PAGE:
SGLT2 Inhibitors — Bone Fractures, Kidney Damage, Heart Attack, Amputations
Invokana, Farxiga and Other SGLT2 Inhibitors
Type 2 diabetes can be a difficult condition to manage, particularly if you’re interested in non-insulin treatments. Because diabetes is a lifelong condition, choosing the best medication to control your symptoms is important. The last thing you want is a medication that might cause more harm than good.
So what do you do if, as a result of your medication, you’re faced with bone fractures, the threat of amputation or worse — a life-threatening blood condition known as diabetic ketoacidosis (DKA), kidney damage, or a heart attack?
Allegations that Invokana, Farxiga and other similar diabetes medications may increase the risk of bone fractures, and potentially lead to death from DKA, kidney damage, and heart attacks, have prompted numerous FDA warnings — and lawsuits. Amputation of the lower limbs have been shown to double with Invokana use (and Invokamet, and Invokamet XR) compared to a placebo.
If you or a loved one has developed diabetic ketoacidosis, kidney damage, suffered a heart attack, fractured a bone, or have had a lower limb amputated as a result of any of these or similar diabetes medications (known as SGLT2 inhibitors) you may be entitled to compensation.
Contact us or call 1-866-900-7078 to talk to a North Carolina lawyer who can help you evaluate your side effects to determine if you may have a claim.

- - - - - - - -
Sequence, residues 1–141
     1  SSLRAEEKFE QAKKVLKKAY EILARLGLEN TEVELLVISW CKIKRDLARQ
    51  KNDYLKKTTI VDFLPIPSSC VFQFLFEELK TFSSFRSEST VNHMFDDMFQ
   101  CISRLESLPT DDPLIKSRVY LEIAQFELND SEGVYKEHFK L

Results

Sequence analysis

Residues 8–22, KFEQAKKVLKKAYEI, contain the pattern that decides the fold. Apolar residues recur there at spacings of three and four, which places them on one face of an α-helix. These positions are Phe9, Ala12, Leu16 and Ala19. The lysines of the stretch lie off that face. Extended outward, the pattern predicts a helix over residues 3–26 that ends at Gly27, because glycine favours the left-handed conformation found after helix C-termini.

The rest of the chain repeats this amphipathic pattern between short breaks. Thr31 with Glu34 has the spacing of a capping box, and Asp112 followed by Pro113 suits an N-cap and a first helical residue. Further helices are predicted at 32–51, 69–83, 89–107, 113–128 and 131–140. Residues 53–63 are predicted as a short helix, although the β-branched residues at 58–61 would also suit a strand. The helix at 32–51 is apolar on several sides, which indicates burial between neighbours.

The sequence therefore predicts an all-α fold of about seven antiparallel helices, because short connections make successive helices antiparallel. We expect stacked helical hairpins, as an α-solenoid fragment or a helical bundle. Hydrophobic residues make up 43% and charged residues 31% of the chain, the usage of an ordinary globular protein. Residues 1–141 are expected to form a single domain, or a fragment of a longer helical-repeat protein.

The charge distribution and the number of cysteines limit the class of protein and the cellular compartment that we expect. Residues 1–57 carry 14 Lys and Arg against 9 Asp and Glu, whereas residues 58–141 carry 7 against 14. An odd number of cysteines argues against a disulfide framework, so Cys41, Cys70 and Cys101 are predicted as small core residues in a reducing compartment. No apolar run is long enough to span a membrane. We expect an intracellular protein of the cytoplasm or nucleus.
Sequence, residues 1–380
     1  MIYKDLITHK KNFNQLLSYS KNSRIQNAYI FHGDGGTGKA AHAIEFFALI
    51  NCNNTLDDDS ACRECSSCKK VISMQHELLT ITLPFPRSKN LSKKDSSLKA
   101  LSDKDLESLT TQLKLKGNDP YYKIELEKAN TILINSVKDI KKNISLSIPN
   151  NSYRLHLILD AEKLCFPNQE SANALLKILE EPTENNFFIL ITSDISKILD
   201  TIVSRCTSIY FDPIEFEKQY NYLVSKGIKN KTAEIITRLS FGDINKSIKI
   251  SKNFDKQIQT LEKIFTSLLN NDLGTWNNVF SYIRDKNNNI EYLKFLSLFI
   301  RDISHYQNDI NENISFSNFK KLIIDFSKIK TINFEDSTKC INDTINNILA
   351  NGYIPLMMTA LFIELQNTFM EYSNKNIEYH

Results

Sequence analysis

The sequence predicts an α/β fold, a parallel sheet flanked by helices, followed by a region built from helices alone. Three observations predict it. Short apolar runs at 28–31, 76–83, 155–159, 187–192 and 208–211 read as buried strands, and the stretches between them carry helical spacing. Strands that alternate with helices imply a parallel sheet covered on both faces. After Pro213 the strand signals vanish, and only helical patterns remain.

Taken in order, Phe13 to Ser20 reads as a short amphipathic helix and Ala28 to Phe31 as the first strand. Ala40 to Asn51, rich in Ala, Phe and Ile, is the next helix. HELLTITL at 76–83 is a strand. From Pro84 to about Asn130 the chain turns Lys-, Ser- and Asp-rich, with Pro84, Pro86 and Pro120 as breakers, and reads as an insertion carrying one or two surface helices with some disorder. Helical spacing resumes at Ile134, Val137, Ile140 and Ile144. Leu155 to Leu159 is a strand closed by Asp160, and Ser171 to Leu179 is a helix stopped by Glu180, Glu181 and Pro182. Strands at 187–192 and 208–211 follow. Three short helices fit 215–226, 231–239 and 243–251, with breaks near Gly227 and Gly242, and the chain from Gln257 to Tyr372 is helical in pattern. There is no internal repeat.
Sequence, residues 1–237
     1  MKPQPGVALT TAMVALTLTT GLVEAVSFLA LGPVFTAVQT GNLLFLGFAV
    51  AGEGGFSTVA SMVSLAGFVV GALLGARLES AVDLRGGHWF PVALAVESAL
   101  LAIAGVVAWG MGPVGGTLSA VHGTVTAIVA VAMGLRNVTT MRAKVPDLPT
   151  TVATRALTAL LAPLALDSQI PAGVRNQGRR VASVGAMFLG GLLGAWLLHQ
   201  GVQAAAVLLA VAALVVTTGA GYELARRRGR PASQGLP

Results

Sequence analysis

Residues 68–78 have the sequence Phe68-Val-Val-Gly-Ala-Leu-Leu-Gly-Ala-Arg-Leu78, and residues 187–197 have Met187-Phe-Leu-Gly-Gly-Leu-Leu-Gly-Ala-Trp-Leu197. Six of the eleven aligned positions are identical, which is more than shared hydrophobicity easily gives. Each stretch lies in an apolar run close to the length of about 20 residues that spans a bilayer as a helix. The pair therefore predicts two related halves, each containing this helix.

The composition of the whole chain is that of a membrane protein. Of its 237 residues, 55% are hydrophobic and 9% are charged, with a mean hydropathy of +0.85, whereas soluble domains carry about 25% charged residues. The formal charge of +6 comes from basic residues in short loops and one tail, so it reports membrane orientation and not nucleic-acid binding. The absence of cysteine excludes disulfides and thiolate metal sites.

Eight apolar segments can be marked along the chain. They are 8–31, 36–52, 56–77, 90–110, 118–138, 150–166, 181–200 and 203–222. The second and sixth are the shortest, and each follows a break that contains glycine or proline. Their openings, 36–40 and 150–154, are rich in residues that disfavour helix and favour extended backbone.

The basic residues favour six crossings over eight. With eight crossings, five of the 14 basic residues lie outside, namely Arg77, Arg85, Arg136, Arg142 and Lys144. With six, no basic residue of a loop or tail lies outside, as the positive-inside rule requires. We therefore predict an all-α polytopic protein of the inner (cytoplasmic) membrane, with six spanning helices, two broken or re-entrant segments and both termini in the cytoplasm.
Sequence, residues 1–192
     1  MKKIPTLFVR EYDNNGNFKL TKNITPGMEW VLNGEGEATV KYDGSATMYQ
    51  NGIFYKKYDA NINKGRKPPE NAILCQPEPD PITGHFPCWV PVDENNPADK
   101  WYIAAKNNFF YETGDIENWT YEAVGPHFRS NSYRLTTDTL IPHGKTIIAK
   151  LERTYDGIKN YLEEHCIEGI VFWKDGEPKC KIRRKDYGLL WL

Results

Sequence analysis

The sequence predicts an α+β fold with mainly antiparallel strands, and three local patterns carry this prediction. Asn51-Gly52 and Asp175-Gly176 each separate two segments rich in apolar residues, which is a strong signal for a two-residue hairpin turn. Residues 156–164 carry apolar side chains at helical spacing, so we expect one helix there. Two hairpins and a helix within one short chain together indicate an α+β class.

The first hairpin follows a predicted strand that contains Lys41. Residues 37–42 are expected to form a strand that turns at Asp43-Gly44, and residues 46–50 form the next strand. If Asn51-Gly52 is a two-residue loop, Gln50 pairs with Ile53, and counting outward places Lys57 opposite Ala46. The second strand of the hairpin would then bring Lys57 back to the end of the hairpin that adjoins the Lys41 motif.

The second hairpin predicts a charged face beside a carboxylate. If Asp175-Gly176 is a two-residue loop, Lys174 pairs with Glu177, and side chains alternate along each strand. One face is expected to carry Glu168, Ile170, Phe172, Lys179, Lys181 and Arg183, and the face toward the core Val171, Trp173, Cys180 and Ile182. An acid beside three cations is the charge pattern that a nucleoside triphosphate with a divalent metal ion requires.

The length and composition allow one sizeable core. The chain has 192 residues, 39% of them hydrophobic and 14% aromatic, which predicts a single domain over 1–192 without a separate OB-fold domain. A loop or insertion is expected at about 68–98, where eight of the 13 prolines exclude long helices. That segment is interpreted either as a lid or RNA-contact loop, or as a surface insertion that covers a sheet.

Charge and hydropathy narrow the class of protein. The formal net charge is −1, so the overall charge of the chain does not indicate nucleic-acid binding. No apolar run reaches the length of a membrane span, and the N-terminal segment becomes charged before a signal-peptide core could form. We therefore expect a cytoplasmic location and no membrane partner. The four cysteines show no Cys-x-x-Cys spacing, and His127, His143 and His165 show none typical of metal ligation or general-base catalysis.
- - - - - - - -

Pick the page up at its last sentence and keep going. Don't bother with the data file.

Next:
The Facts About Invokana, Invokamet, Farxiga and Other SGLT2 Inhibitors
Known as SGLT2 inhibitors, these diabetes medications help release glucose from your body through the kidneys, thus inhibiting the amount of glucose that is absorbed in the bloodstream.
- Janssen Pharmaceutical’s (division of Johnson & Johnson)
- Invokana (canagliflozin)
- Invokamet (canagliflozin and metformin)
- Farxiga (dapagliflozin)
- Xigduo (dapagliflozin and metformin)
- Boehringer Ingelheim’s and Eli Lilly’s
- Jardiance (empagliflozin)
- Glyxambi (empagliflozin and linagliptin)
While some are exclusively SGLT2 inhibitors, others are combination drugs that couple the base medication with metformin or linagliptin.
Because of the skyrocketing number of Type 2 diabetes diagnoses, Invokana, Farxiga, and their pharmaceutical cousins seemed, at first, to have the potential to revolutionize diabetes treatments. Yet, for unwitting patients, the presumed side effects and dangers of diabetic ketoacidosis, as well as risks of fractures, kidney damage, and heart attacks, and in some cases, lower limb amputation, may constitute more risks than benefits.
Side Effects of Invokana, Farxiga, Xigduo, Jardiance, Glyxambi, Invokamet
The concern with the use of Invokana and other SGLT2 inhibitor drugs is the potential for:
- Lower limb amputation. Invokana, Invokamet and Invokamet XR have recently come under fire after an aftermarket study showed twice the risk for lower limb amputation vs taking a placebo, prompting the FDA to issue their strongest warning — a Boxed Warning.
- Bone Fractures
- Kidney Damage
- Heart Attack
- Diabetic Ketoacidosis (DKA)